643.\"
 644.pdfhref F SECREF
 645.pdfhref L -A , -D basic-outline
 646.\"
 647.\" At this point, we would normally revert the "pdfhref" formatter
 648.\" to use its default, built in macro.  However, in this particular
 649.\" case, we want to use our custom format one more time, before we
 650.\" revert it, so we will omit the reversion step this time.
 651.\"
 652and any entry is added at a nesting level greater than one,
 653then a hierarchical structure is automatically defined for the outline.
 654However, as was noted in the simplified
 655.pdfhref L -D pdfmark-example -- example
 656in
 657.pdfhref L -A , -D pdfmark-operator
 658.\"
 659.\" And now, we revert to default "pdfhref" formatting behaviour,
 660.\" by completing the call we delayed above.
 661.\"
 662.pdfhref F
 663.\"
 664the data required by the
 665.CW pdfmark
 666operator to create the outline entry may not be fully defined,
 667when the outline reference is defined in the
 668.CW groff
 669document source.
 670Specifically, when the outline entry is created, its
 671.CW /Count
 672key must be assigned a value equal to the number of its subordinate entries,
 673at the next inner level of the outline hierarchy;
 674typically however,
 675these subordinate entries will be defined
 676.EM later
 677in the document source, and the appropriate
 678.CW /Count
 679value will be unknown, when defining the parent entry.
 680.LP
 681To resolve this paradox, the
 682.CW pdfhref
 683macro creates the outline entry in two distinct phases \(em
 684a destination marker is placed in the PostScript\*(rg output stream immediately,
 685when the outline reference is defined,
 686but the actual outline entry is stored in an internal \(lqoutline cache\(rq,
 687until its subordinate hierarchy has been fully defined;
 688it can then be inserted in the output stream, with its
 689.CW /Count
 690value correctly assigned.
 691Effectively, to ensure integrity of the document outline structure,
 692this means that each top level outline entry, and
 693.EM all
 694of its subordinates, are retained in the cache, until the
 695.EM next
 696top level entry is defined.
 697.LP
 698One potential problem, which arises from the use of the \(lqoutline cache\(rq,
 699is that, at the end of any document formatting run, the last top level outline entry,
 700and any subordinates defined after it, will remain in the cache, and will 
 701.EM not
 702be automatically written to the output stream.
 703To avoid this problem, the user should follow the guidelines given in
 704.\"
 705.\" Here is a more conventional example of how to temporarily change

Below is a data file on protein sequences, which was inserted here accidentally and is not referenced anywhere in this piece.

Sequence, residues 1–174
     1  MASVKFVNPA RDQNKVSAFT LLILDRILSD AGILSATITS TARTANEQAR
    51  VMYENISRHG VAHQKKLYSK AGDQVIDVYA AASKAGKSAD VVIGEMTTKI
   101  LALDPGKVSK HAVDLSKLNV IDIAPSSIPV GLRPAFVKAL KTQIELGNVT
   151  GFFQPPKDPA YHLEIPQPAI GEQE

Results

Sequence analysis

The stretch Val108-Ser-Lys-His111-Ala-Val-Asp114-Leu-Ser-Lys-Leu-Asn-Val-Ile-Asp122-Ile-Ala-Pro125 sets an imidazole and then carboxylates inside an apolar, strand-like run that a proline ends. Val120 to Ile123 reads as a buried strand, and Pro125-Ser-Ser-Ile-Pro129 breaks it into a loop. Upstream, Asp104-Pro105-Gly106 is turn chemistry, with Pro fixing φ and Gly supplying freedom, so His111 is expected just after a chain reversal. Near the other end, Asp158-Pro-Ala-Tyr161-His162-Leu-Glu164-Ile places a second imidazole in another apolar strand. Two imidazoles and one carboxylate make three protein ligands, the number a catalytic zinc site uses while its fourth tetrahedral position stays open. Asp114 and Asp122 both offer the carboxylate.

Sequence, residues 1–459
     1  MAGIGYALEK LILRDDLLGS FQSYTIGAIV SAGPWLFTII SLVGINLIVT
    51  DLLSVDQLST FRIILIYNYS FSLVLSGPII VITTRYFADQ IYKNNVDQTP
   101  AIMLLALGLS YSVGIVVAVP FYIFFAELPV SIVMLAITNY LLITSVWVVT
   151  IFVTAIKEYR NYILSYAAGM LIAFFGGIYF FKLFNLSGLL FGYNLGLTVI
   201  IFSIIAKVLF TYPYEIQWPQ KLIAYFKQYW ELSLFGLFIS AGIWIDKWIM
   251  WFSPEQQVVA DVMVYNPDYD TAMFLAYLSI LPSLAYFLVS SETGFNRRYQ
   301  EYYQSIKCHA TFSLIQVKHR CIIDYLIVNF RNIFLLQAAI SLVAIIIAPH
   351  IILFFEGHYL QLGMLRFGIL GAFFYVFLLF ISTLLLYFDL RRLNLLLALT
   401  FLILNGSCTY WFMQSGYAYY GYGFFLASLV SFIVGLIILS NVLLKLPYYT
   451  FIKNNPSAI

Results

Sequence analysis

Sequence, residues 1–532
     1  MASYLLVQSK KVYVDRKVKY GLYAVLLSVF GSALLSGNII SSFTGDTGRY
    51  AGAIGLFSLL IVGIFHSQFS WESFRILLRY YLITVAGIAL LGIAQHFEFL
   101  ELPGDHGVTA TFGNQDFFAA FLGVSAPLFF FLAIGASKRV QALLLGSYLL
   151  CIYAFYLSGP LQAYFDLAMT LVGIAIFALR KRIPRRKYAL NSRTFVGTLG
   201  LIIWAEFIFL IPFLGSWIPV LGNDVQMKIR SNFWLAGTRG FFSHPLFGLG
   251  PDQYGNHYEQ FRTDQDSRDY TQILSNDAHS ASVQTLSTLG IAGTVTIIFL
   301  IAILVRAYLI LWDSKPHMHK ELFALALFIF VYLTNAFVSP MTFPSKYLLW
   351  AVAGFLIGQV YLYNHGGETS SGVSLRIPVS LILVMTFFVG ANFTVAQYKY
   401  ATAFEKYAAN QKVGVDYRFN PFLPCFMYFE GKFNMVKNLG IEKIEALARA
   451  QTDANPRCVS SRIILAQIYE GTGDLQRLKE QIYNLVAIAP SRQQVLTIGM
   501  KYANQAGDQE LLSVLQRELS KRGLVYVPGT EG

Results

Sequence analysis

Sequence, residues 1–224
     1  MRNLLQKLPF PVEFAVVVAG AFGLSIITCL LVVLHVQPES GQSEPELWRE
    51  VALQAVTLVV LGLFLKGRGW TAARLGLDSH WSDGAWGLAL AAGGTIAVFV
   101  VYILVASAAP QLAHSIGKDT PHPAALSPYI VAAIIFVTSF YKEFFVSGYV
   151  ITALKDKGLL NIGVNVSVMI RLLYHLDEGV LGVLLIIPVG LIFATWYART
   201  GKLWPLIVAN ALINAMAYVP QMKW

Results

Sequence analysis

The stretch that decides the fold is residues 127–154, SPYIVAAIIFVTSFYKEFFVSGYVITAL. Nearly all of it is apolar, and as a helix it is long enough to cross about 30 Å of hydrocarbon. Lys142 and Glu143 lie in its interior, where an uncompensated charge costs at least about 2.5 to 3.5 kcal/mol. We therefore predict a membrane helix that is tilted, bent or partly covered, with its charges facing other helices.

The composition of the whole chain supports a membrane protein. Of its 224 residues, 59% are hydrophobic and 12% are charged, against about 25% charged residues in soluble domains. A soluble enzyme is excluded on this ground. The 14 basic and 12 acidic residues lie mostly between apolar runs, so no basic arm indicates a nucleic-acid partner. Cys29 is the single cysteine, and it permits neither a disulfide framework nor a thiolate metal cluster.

706.\" to the format used to display reference links.  We will again use
 707.\" the "SECREF" format, which we defined above, but on this occasion
 708.\" we will immediately revert to the default format, after the link
 709.\" has been placed.
 710.\"
 711.pdfhref F SECREF
 712.pdfhref L -D pdfsync -A ,
 713.pdfhref F
 714.\"
 715to synchronise the output state with the cache state,
 716.XR pdfsync ), (
 717at the end of the
 718.CW groff
 719formatting run.
 720.NH 3
 721.XN -N outline-view -- Associating a Document View with an Outline Reference
 722.LP
 723Each \(lqbookmark\(rq entry, in a PDF document outline,
 724is associated with a specific document view.
 725When the reader selects any outline entry,
 726the document view changes to display the document context
 727associated with that entry.
 728.LP
 729The document view specification,
 730to be associated with any document outline entry,
 731is established at the time when the outline entry is created.
 732However, rather than requiring that each individual use of the
 733.CW pdhref
 734macro, to create an outline entry,
 735should include its own view specification,
 736the actual specification assigned to each entry is derived from
 737a generalised specification defined in the string
 738.CW PDFBOOKMARK.VIEW ,
 739together with the setting of the numeric register
 740.CW PDFHREF.VIEW.LEADING ,
 741which determine the effective view specification as follows:\(en
 742.QS
 743.IP \*[= PDFBOOKMARK.VIEW]
 744Establishes the magnification at which the document will be viewed,
 745at the location of the \(lqbookmark\(rq; by default, it is defined by
 746.RS
 747.QP
 748.CW ".ds PDFBOOKMARK.VIEW /FitH \e\en[PDFPAGE.Y] u"
 749.RE
 750.IP
 751which displays the associated document view,
 752with the \(lqbookmark\(rq location positioned at the top of the display window,
 753and with the magnification set to fit the page width to the width of the window.
 754.IP \*[= PDFHREF.VIEW.LEADING]
 755Specifies additional spacing,
 756to be placed between the top of the display window
 757and the actual location of the \(lqbookmark\(rq on the displayed page view.
 758By default, it is set as
 759.RS
 760.QP
 761.CW ".nr PDFHREF.VIEW.LEADING 5.0p"
 762.RE
 763.IP
 764Note that
 765.CW PDFHREF.VIEW.LEADING
 766does not represent true \(lqleading\(rq, in the typographical sense,
 767since any preceding text, set in the specified display space,
 768will be visible at the top of the document viewing window,
 769when the reference is selected.
 770.IP
 771Also note that the specification of
 772.CW PDFHREF.VIEW.LEADING
 773is shared by
 774.EM all
 775reference views defined by the
 776.CW pdfhref
 777macro; whereas
 778.CW PDFBOOKMARK.VIEW
 779is applied exclusively to outline references,
 780there is no independent
 781.CW PDFBOOKMARK.VIEW.LEADING
 782specification.
 783.QE
 784.LP
 785If desired, the view specification may be changed, by redefining the string
 786.CW PDFBOOKMARK.VIEW ,
 787and possibly also the numeric register
 788.CW PDFHREF.VIEW.LEADING .
 789Any alternative definition for